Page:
London's forthcoming Direct Vision Standard, which aims to reduce the blind spots of trucks driving in the capital, “will not achieve zero vehicular harm”, according to a haulage industry body.
According to Transport for London (TfL), the organisation in charge of the capital's road network, the Direct Vision Standard is involves HGVs weighing more than 12 tonnes being awarded star ratings depending on the visibility offered from the driver's cab. All vehicles rated between one and five stars will be eligible for a free permit to operate in Greater London from October 28. Any vehicle with a zero-star rating will need a ‘Safe System’, which includes a camera monitoring system and an audible left-turn vehicle manoeuvring warning, to apply for a permit.
From October 2020, the operator of any vehicle entering the Greater London boundary without a permit will be fined £550. From 2024, however, the system will change to mean vehicles with two-star ratings or lower will need a ‘Progressive Safe System’ before they are eligible for a permit.
Christina Calderato, head of transport strategy and planning at TfL, said the scheme would help reduce the number of accidents involving HGVs and cut the number of deaths on London’s streets.
“Our Direct Vision Standard and its associated HGV Safety Permit is vital for saving lives on London's streets and achieving Vision Zero,” she said. “We are just three months away from the first permits being issued and encourage all operators to check the star rating of their vehicle, so they are prepared and compliant.”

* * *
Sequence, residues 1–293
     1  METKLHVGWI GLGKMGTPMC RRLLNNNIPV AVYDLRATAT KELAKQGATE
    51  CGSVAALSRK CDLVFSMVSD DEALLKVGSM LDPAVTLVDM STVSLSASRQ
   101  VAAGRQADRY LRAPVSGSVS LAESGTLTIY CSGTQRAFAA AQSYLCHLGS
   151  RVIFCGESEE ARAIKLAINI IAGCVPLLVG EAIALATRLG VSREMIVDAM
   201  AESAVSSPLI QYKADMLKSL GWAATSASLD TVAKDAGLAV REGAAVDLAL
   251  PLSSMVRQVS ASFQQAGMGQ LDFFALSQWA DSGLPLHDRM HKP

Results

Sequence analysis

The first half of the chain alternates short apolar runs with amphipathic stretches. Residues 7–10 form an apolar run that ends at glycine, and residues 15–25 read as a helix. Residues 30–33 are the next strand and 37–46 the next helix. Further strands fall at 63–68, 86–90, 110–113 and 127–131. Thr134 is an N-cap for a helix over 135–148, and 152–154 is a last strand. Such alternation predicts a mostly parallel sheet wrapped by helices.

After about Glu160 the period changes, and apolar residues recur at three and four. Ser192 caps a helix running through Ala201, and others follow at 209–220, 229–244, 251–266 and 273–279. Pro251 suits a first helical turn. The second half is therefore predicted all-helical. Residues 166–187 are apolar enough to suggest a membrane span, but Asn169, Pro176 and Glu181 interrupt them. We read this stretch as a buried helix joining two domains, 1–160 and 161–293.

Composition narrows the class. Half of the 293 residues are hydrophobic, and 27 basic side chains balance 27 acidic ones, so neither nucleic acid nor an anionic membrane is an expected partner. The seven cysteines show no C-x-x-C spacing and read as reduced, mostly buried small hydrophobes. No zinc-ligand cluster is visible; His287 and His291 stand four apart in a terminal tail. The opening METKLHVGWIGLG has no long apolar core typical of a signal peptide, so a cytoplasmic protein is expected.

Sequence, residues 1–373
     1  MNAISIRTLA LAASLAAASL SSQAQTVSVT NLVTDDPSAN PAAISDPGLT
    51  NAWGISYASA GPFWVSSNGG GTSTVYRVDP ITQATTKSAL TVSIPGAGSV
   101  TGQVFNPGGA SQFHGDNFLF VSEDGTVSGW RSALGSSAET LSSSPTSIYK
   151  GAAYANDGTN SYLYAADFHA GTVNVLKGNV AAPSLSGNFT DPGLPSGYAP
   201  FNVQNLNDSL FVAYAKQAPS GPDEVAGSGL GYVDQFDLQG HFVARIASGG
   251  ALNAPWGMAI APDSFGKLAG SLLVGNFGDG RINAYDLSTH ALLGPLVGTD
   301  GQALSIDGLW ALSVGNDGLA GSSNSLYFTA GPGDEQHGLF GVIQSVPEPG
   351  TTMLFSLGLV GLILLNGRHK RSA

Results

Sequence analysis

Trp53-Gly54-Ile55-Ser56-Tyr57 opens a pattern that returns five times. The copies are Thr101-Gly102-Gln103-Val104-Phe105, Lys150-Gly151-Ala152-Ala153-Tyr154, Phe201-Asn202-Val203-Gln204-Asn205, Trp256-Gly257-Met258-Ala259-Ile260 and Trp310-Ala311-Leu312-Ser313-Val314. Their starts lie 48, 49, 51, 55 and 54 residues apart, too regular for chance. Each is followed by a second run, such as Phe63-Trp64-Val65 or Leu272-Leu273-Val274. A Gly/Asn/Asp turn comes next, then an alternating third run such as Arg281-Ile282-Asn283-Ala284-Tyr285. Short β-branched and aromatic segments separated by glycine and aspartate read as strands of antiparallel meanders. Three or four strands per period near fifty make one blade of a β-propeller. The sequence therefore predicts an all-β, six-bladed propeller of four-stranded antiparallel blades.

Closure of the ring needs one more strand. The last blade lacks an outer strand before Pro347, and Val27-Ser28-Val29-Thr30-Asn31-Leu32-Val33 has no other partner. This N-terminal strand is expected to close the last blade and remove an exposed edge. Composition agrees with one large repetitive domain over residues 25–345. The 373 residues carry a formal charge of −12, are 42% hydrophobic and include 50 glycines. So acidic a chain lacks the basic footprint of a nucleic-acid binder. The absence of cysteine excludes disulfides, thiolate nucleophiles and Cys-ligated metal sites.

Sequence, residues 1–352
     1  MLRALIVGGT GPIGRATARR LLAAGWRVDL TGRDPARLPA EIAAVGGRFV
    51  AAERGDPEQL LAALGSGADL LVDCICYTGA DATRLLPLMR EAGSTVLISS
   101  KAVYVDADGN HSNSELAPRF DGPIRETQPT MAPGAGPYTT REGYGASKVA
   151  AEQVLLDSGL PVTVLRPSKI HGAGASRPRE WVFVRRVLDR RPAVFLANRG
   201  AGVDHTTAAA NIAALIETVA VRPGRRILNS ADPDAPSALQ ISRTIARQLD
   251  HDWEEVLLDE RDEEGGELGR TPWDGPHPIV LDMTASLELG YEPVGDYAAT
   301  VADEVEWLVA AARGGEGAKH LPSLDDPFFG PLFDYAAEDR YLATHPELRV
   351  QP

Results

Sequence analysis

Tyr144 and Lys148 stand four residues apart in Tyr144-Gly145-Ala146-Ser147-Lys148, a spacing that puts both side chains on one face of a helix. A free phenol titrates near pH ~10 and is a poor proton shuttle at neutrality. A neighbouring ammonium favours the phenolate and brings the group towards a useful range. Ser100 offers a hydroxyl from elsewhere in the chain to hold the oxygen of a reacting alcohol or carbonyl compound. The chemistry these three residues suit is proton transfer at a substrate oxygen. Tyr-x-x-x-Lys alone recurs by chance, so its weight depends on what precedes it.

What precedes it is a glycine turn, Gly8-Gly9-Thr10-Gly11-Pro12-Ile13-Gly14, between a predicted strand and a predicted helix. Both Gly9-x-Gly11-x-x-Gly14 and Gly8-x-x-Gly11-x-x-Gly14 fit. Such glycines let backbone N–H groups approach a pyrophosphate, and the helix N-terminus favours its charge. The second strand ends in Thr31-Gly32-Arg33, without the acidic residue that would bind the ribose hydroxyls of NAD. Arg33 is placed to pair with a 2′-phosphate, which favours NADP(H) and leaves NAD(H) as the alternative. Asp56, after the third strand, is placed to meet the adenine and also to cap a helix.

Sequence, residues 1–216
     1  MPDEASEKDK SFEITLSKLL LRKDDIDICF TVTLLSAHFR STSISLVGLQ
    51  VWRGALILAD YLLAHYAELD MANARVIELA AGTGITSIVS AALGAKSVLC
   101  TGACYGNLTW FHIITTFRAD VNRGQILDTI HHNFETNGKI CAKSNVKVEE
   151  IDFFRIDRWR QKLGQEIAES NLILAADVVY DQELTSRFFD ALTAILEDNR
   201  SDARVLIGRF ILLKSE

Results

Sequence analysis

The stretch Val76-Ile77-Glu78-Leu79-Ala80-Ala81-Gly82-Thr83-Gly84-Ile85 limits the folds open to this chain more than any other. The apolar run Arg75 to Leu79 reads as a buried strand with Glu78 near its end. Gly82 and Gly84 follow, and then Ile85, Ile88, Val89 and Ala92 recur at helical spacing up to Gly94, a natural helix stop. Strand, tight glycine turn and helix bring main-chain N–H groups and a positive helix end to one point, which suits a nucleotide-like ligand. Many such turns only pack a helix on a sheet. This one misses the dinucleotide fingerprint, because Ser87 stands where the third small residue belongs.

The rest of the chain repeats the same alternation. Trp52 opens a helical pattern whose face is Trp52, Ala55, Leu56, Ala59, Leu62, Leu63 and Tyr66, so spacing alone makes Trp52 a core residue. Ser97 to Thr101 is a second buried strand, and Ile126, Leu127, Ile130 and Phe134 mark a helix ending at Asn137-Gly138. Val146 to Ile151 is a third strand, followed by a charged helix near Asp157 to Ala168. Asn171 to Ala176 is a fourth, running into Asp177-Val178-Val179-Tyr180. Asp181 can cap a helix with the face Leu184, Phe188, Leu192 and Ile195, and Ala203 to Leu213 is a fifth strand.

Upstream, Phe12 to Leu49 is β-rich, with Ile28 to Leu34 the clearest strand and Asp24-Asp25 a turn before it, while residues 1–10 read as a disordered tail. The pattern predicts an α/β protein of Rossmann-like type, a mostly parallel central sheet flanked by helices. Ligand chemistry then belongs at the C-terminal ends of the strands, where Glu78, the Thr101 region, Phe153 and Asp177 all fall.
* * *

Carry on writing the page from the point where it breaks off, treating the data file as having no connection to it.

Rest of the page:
However, the Freight Transport Association (FTA), which represents truck operators and logistics companies, said the scheme “is not the most effective way” to cut the number of deaths and injuries in the capital. The organisation instead says “other strategies”, such as changing delivery times or internationally-agreed HGV design standards, would provide better improvements in safety
“The logistics sector is fully committed to improving road safety and takes its responsibility to do so very seriously; that’s why FTA is calling for the Mayor of London to realise that other strategies would deliver a far greater outcome,” said Natalie Chapman, the head of urban policy at FTA. “Technological development, along with internationally-agreed design standards and the retiming of deliveries to quieter periods, would provide a more robust and long-term safety solution than DVS alone; visibility from the cab should be viewed as just one aspect of holistic approach to road safety.”
“While FTA is pleased to see TfL has listened to closely to our advice and has taken many of our practical suggestions on board, we hope the team will adopt a more comprehensive range of measures to fast-track zero vehicular harm in the capital," added Chapman. "In the meantime, we urge logistics businesses to check the star rating of their vehicle fleets as soon as possible; the Safety Permit scheme opens in just three months.”